Come face to face with exciting wildlife, get stuck in with Anglo-Saxon crafts and enjoy exploring nature’s playground says One Magazine’s Peter Frost

Set within the stunning, private parklands of Escot House, home to the Kennaway family for the last 200 years, is Wildwood Escot – a fantastic place for exploration, discovery and for coming face to face with exciting wildlife. Nestled just outside of Ottery St Mary, it is easily accessed by car via the A30 and has ample free parking for visitors.

For those not familiar, Wildwood is a charity dedicated to rewilding and conservation of native and formerly-native wildlife such as red squirrels and wildcats. Working at Escot for over a year now, Wildwood have really made their mark on the park.

We were met with a friendly welcome on arrival and given information of talks and shows plus a map of the park. We had arrived just in time to head straight for the otters feeding time talk, passing through the estates marvelous walled garden via the giant trampoline and hedge maze – which is surprisingly big once you’ve found yourself passing the same point ten times trying to find the middle. Watching the family of chattering otters being fed by the knowledgeable ranger was a very entertaining way to start our day.

Keen to see the birds of prey experience, we next made our way past the aviaries to the arena. The display offered an up-close encounter with three very different birds; firstly Suki the kestrel, then Meridien the Harris Hawk who both took great pleasure in taking low level swooping flights through the audience. The final bird to stretch his wings was Mozart the eagle owl who certainly made his presence felt while the ranger concluded the fun, fact-filled talk. For a small additional charge there’s even a chance to try on a handler’s glove and hold a bird of prey yourself – an amazing experience!

The woodland path then led us to the new and secluded wildcat enclosure, where we stayed as silent as we could to try and spot him. The enclosure is next to a huge fallen tree which has been incorporated into the park as a great natural climbing frame, underlining part of the ethos of Wildwood – to let children explore nature’s playground.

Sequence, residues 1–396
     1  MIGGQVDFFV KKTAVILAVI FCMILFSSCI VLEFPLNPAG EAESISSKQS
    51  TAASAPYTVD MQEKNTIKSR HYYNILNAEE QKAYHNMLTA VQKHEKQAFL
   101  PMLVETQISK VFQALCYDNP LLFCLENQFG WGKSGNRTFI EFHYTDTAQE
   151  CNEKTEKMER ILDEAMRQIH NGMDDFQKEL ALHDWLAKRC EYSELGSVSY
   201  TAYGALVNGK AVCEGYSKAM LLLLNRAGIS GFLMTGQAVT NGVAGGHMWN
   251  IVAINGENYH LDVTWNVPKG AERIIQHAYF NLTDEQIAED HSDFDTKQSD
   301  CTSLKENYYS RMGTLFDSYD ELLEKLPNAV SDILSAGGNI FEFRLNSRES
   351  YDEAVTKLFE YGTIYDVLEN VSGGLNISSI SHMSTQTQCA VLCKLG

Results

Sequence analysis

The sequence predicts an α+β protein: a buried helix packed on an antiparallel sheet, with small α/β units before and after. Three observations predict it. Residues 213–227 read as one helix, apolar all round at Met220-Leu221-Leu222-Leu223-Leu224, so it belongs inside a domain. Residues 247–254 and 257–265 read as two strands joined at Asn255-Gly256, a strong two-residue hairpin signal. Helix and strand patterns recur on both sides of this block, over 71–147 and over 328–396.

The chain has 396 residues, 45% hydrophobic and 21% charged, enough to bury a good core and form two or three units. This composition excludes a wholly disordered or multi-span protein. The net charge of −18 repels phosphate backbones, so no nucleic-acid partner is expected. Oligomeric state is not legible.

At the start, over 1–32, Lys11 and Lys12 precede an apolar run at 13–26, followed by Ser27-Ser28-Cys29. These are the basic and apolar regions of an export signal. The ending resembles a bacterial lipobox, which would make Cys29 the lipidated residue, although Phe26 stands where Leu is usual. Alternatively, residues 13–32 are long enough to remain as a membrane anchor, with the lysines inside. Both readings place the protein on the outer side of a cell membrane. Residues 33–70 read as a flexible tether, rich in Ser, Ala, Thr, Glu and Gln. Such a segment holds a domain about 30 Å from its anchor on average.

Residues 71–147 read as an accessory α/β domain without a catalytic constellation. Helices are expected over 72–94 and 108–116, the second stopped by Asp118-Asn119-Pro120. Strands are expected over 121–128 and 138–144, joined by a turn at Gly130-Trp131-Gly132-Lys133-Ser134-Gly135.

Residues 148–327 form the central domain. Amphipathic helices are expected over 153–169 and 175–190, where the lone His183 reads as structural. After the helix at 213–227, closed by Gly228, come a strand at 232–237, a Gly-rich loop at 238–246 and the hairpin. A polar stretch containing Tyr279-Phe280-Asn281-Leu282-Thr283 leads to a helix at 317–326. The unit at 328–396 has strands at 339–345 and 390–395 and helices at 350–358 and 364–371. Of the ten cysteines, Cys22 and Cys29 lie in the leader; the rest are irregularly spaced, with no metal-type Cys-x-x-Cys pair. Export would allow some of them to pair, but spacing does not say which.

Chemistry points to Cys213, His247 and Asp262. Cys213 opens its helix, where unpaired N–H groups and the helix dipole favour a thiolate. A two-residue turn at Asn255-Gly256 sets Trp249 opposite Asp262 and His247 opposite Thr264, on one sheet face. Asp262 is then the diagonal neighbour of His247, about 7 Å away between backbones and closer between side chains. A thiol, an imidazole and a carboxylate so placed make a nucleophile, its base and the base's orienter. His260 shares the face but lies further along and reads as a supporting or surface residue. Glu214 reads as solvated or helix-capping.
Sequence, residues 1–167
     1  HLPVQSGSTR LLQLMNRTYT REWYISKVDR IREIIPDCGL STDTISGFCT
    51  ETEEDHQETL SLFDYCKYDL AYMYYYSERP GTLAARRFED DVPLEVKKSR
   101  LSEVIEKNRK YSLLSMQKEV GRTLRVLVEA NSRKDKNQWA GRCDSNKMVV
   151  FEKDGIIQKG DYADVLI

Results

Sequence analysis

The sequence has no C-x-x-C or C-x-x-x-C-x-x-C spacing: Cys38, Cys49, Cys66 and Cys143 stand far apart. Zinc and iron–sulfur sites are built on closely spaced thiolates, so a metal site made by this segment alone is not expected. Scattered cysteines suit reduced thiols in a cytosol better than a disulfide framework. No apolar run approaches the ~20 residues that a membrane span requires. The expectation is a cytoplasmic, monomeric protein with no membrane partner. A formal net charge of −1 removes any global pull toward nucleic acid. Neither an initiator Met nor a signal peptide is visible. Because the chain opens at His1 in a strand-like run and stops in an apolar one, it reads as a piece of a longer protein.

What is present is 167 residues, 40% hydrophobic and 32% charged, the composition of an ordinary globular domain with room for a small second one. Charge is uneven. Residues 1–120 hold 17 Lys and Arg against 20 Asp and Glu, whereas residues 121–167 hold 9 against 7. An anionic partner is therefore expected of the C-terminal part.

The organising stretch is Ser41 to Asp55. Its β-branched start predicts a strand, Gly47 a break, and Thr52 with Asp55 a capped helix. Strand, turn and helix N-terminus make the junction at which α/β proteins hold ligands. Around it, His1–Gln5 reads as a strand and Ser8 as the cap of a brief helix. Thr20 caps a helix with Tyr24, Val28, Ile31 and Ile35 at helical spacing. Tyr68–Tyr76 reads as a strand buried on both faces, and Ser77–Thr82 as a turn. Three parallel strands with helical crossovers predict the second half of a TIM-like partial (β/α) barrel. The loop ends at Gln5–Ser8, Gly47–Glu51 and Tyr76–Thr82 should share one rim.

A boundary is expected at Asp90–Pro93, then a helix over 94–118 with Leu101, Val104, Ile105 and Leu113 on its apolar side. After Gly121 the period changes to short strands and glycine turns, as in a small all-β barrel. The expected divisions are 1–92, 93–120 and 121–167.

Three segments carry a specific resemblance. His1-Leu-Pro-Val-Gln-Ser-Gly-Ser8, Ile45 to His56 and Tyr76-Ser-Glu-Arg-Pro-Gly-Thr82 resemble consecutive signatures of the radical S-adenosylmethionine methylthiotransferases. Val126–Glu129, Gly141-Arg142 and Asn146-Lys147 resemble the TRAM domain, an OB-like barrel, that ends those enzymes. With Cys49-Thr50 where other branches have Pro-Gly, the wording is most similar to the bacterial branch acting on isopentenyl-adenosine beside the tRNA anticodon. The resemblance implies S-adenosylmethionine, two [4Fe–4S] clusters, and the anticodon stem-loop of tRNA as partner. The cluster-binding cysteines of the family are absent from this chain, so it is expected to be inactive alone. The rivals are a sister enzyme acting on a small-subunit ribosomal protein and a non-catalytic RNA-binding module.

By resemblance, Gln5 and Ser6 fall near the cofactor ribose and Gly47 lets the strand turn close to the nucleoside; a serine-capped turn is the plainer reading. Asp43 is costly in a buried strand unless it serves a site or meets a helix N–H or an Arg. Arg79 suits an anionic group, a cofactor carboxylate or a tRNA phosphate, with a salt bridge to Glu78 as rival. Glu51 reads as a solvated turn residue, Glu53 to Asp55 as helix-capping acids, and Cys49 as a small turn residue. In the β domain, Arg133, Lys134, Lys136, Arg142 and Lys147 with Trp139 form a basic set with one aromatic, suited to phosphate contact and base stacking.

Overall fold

Walking further into the woods we came to a large clearing where we met the lynx prowling underneath a huge felled tree serving as both a prop for climbing as well as shelter, creating a great environment for these amazing big cats. Also in this area you will find the wild boar with their striped piglets, a huge outdoor vertical drop slide, the termite pavilion and the secret path but shh, we’re sworn to secrecy!
But that’s not all – Wildwood Escot is eagerly awaiting the imminent arrival of wolves all the way from Stockholm University, Sweden! The build has officially started for their enclosure which will span a large area of the park, from the drop slide over to the wildcat, giving the wolves a large wooded space for roaming.

No trip to Wildwood Escot is complete without a visit to the Coach House Restaurant. Also open to the public without having to pay to enter the park, the restaurant offers a light and airy place to relax and satisfy your hunger, with views looking out into the courtyard through the six original coach doors that are still in situ – now converted into giant windows – whilst enjoying a great range of locally sourced food, homemade cakes and desserts. There’s even a cosy kids corner complete with comfy sofas and books – perfect for winding down after a busy day of exploring.

With a need to burn off our delicious lunches we headed over to the pirate ship playground which has views out towards the Blackdown Hills, before spending the afternoon in the Anglo-Saxon Village where you can experience a slice of life from Anglo-Saxon times. With a number of hand-crafted buildings, including the iron smelter’s hut and the work shed to allow for activities even in the wet, visitors can get involved with cooking, milling, pottery, woodcraft, penny-making, campfire creation and forging demonstrations with period-costumed staff on hand to teach these fascinating historic practices.

Wildwood Escot makes for a fantastic day’s adventure for the whole family. With a constantly evolving collection of animals and activities, there’s plenty to keep you coming back for more.

Find out more about the work Wildwood Escot do and their upcoming events online at:

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